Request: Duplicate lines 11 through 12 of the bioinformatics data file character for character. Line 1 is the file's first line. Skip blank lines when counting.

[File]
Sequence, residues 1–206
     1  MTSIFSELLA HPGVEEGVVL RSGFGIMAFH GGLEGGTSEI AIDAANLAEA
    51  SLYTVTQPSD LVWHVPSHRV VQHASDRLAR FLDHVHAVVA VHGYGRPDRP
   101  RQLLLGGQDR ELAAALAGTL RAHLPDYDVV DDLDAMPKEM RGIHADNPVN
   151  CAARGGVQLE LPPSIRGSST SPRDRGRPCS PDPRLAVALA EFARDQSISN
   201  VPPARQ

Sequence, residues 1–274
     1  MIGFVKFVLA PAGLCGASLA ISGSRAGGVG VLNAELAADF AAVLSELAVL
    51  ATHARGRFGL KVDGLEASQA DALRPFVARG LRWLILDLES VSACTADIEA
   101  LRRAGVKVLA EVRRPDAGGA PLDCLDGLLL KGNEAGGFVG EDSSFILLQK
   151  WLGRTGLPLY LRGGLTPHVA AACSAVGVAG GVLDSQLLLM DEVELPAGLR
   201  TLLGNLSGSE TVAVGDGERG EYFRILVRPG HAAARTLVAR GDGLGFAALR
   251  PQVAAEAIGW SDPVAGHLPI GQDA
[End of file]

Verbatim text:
   151  WLGRTGLPLY LRGGLTPHVA AACSAVGVAG GVLDSQLLLM DEVELPAGLR
   201  TLLGNLSGSE TVAVGDGERG EYFRILVRPG HAAARTLVAR GDGLGFAALR